One New Year’s Resolution We Should All Make And Keep

It’s that time of year for us to make New Year’s Resolutions that will fail by the second week of January.

But as America closes out a year that finds us so divided in so many ways, let me suggest one resolution all of us should make and resolve to keep.

We should resolve to become better citizens.

Grand Canyon, Arizona, United States of America


By some important measures, the tie that binds America together—our civic life—is still strong. Voter turnout in the 2020 election was the highest of any U.S. election in the 21st century. And according to World Giving Index, the largest global survey of charitable giving, Americans are the most generous people in the world; we donate our time and money in greater proportion than those in other countries.

But we all know, deep down, something is off. We’re so angry with one another about everything, be it over longstanding issues like immigration or abortion or new ones like COVID vaccines or masks. And, our way of expressing our opposition is much more belligerent and confrontational.

A recent study found a shocking 42 percent of Democrats and Republicans view the other side as “downright evil.” According to a Gallup poll, our pride in being Americans is at a two-decade low.

As we enter 2022, we need to ask ourselves: “How can we be better—as neighbors, as friends, and as citizens?”

We rarely seem to talk about citizenship in America anymore except when it comes to whom we want to deny it. 

But U.S. citizenship is an amazing gift, handed to us for free, for the most part, by fortune of birth or open borders.

Here is a list of ten things all of us can do in 2022 to give thanks for the gift of being an American, to be better citizens and to do our part to knit back together our fraying country.

  1.  Take the U.S. Naturalization Test and Oath of Allegiance: Every immigrant who wants to become a U.S. citizen must take a test of their knowledge of America’s history and democratic system as well as an oath to defend our Constitution. It’s a 10-question test drawn from a list of 100 possible questions and you need to get six questions right to pass. You should study up and take the test yourself. When you pass, ask someone meaningful to you to administer the Oath of Allegiance.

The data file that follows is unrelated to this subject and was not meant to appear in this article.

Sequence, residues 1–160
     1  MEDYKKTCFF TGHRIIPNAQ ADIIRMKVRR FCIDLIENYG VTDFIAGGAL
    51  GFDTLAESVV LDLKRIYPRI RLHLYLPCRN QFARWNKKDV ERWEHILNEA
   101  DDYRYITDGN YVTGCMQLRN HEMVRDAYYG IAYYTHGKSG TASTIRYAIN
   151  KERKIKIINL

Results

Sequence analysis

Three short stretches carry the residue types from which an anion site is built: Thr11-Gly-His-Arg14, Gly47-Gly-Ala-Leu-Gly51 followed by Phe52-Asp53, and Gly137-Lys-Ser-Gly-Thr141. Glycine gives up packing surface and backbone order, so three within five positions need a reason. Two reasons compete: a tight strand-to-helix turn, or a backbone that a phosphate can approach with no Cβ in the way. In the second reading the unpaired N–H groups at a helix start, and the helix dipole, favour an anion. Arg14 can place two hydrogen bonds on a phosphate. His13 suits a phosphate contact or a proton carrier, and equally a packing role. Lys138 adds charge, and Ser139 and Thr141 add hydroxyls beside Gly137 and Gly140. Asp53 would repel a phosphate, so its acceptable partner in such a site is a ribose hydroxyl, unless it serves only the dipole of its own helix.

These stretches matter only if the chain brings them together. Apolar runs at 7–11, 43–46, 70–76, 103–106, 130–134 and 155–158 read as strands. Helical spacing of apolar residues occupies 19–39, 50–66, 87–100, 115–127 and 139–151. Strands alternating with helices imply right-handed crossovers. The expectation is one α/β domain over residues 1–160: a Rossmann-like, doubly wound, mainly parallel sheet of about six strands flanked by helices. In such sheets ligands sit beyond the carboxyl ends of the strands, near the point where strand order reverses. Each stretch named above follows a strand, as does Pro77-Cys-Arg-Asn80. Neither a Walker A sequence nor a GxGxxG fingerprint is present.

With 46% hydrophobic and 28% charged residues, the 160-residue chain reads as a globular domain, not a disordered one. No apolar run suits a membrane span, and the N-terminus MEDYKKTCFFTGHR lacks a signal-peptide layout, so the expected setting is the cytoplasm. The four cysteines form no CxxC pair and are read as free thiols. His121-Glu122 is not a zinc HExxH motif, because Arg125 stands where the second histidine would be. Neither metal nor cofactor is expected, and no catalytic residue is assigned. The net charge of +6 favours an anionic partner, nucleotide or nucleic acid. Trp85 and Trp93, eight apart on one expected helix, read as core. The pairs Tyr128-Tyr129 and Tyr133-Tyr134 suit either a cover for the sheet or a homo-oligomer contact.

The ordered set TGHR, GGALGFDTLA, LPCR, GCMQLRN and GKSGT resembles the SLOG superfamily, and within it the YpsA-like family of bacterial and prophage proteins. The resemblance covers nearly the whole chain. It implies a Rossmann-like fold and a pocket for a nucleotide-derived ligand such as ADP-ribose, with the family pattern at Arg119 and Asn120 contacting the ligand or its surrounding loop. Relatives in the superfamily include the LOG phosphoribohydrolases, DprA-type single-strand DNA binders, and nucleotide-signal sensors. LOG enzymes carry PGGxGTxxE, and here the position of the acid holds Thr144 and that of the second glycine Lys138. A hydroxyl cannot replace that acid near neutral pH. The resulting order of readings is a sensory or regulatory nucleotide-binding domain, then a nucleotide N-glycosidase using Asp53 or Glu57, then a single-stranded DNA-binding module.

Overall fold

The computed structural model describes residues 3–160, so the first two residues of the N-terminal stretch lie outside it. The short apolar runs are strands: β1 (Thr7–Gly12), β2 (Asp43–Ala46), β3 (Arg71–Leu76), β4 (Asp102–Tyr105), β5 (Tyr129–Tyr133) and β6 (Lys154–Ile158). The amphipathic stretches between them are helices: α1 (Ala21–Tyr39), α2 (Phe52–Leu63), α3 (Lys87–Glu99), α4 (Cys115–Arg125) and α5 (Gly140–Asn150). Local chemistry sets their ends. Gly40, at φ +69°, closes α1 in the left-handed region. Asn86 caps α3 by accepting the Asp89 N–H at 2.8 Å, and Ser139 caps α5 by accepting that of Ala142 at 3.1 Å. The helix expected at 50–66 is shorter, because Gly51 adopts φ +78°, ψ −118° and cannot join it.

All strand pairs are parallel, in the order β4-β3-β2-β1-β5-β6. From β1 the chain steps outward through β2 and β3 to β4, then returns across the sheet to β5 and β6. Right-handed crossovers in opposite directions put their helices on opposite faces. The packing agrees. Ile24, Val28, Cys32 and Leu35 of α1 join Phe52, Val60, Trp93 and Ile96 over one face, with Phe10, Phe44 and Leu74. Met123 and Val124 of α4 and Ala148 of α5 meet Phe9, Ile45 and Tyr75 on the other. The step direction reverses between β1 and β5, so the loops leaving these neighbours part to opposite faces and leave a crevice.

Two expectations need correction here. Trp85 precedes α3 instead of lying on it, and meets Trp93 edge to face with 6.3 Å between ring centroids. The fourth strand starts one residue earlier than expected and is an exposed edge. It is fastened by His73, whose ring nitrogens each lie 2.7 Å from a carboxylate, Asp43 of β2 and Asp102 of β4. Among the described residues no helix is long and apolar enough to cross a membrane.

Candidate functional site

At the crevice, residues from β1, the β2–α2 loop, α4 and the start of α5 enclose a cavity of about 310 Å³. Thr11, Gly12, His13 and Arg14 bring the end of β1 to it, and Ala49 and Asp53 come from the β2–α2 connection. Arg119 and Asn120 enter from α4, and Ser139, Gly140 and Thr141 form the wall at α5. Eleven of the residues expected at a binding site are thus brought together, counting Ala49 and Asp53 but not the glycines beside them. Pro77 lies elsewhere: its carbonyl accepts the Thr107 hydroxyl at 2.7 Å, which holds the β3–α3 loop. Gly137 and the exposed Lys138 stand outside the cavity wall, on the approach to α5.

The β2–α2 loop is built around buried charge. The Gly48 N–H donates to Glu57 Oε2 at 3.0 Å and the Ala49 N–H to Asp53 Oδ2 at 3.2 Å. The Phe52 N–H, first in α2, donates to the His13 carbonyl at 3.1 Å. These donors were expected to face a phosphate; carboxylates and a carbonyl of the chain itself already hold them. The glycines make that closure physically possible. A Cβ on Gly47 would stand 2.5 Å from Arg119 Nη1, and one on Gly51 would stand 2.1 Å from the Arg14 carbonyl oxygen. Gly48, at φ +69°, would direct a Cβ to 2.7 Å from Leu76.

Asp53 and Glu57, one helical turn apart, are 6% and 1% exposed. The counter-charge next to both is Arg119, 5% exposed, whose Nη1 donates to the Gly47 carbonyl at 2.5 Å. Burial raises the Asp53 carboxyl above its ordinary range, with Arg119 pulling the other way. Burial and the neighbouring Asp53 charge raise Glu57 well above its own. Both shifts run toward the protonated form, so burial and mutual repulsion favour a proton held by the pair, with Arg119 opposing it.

2. Research your immigrant story: Most Americans trace their lineage to ancestors who came from somewhere else. My American story begins when my great-grandfather, Shlomo Tichinsky, fled the anti-Semitic pogroms of his native Ukraine to arrive at Ellis Island in 1904. Knowing his story has given me such an appreciation for what America meant to him and what it should mean to me. Of course, we can’t ignore those who were brought to our shores forcefully or the indigenous people who were here before anyone else. Each story contributes a tile that makes up America’s history and together these tiles of many different colors and shapes which are indistinguishable from afar but quite distinctive the closer you get, shape the American mosaic.
  3. Attend an immigrant naturalization ceremony: A few years ago, I had a chance to see hundreds of immigrants naturalized at ceremonies at Monticello, the home of Thomas Jefferson and at the New York Historical Society. The joy and pride I saw on the faces of these new Americans was indescribable. Every American should see this for themselves. Naturalization ceremonies occur in federal courthouses across America. Most are closed temporarily due to COVID restrictions, so in the meantime you can watch a video to get a sense of the magic.